Lt 64, 1892
Lt 64, 1892
White, W. C.
Preston, Melbourne, Victoria, Australia
March 27, 1892
Portions of this letter are published in 4Bio 34.
Dear Son Willie:
Everything moves along the same as when I wrote you last. I cannot report improvement. Some days I am feeling worse than others. Then, for a day or two a little better. This is my history. Today I go to get another bath. I shall go before dinner and eat my dinner at Stephen’s and rest there until after dinner, then take my bath and return home. It seems so disagreeable to have to be helped in dressing and undressing. My hands are very weak, my arms painful and much crippled. I am sorry I cannot write you a better story. 7LtMs, Lt 64, 1892, par. 1
Night before last I slept more than I had done for a week, and slept some through the day. Last night I slept little. I had one hour’s nap in the first trial after going to bed, then slept no more until midnight, then one hour’s sleep, then two hours’ wakefulness. I cannot handle myself any better than I have done for weeks. 7LtMs, Lt 64, 1892, par. 2
Sabbath it rained some—was very cloudy. I had told them I would speak to them, but I was unusually weak, and the weather threatened every moment to be rainy. I finally decided to go and the clouds dispersed. There was a large congregation, and they listened with interest. It rained and was cold when we started homeward, Marian, Annie, May and I. We had meeting in Albert’s Hall. I was glad I went; do not think it hurt me. Sunday it did not rain but was cloudy and cold. Such sudden changes from extreme heat to sudden cold! 7LtMs, Lt 64, 1892, par. 3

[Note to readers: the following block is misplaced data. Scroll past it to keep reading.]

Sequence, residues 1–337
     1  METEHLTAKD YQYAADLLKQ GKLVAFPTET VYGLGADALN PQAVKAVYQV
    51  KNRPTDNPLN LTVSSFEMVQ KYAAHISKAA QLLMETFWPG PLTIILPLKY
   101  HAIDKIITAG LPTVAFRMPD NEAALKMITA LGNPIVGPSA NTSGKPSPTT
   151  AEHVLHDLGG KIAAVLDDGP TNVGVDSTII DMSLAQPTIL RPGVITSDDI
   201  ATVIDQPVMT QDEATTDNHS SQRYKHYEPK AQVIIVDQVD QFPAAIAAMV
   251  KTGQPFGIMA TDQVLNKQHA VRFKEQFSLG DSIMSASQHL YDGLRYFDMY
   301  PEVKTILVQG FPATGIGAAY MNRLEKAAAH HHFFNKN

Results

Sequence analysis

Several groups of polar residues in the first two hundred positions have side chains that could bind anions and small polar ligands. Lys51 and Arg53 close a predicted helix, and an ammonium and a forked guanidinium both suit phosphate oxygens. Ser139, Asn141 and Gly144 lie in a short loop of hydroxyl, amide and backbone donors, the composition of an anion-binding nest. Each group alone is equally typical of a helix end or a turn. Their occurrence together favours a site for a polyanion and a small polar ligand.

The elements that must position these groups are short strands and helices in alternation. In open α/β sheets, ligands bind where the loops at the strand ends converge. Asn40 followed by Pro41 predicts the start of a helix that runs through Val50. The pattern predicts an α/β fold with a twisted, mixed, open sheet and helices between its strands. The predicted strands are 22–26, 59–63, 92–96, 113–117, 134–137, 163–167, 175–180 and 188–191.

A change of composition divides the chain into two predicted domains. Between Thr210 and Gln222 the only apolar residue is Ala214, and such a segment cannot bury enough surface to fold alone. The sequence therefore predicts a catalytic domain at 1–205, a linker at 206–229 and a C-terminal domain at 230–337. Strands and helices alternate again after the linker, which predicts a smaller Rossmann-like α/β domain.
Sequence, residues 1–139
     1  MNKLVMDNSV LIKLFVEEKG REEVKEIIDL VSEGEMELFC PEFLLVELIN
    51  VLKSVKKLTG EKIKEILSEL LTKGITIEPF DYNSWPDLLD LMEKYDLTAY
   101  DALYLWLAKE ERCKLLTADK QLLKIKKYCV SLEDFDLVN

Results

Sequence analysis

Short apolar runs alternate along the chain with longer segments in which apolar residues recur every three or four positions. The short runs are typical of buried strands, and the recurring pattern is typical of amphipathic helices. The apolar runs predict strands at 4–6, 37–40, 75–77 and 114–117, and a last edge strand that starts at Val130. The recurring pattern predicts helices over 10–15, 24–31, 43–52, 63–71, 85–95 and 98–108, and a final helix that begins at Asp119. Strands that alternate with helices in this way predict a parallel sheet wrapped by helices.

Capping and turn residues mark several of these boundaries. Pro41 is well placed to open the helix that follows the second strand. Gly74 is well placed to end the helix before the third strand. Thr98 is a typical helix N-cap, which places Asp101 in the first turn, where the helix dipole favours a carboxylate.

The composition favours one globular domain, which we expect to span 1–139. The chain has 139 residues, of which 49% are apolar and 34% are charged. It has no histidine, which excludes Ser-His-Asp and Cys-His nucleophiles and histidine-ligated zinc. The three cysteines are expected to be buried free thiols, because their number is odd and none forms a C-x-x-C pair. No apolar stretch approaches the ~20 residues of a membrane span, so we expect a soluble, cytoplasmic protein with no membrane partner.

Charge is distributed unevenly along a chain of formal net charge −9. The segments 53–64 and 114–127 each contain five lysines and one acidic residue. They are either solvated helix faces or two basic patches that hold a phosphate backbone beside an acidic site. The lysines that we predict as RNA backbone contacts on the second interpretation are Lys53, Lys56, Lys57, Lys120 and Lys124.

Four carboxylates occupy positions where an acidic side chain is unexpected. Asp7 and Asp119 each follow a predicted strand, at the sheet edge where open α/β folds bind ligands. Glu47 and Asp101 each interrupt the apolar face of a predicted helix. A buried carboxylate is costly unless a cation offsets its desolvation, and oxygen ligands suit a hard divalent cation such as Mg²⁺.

Today, Monday, [March 28] it is clear but cool. Everything moves along pleasantly. May surprises me. She steps around quickly and has meals in time. She makes the fire in my room in the morning and makes the fire in the kitchen, and then assists me to dress. She seems cheerful. Meals seem satisfactory. We manage to use up eight quarts of milk each day. We do not use butter on the table because there is no need of it, and we are all agreed in this matter. 7LtMs, Lt 64, 1892, par. 4
Fannie’s foot has been encased in plaster of Paris since last Wednesday. She has been improving; bears the encasement of foot and ankle well. 7LtMs, Lt 64, 1892, par. 5
I sincerely hope that the Lord will preserve you from sickness and that your meeting will accomplish much good. Our only hope is in God. He can help us. I shall do what I can in the fear of God, trusting results with Him. If I do not improve, I think I shall make some change—go to some more favorable climate, or return to America, which latter I would rather not do unless I am decided that I shall be no better. But to remain here, a helpless invalid, doing no one any good, does not seem pleasant. 7LtMs, Lt 64, 1892, par. 6
I pray for guidance. You know we were told expressly not to settle here in Melbourne, and if I go back and try no other climate, I do not think it would be satisfactory. I want to do something. To wait till your return is quite a while, and I am puzzled to know just what I should do. 7LtMs, Lt 64, 1892, par. 7
We are pleasantly situated. The heavy rain last Friday night brought dampness into the plastering, but I would not care to move to another place if this house is safe. I can write but a few lines now, but I thought you would be anxious to hear how we were getting along. I shall hope to hear from you soon. 7LtMs, Lt 64, 1892, par. 8
In much love. 7LtMs, Lt 64, 1892, par. 9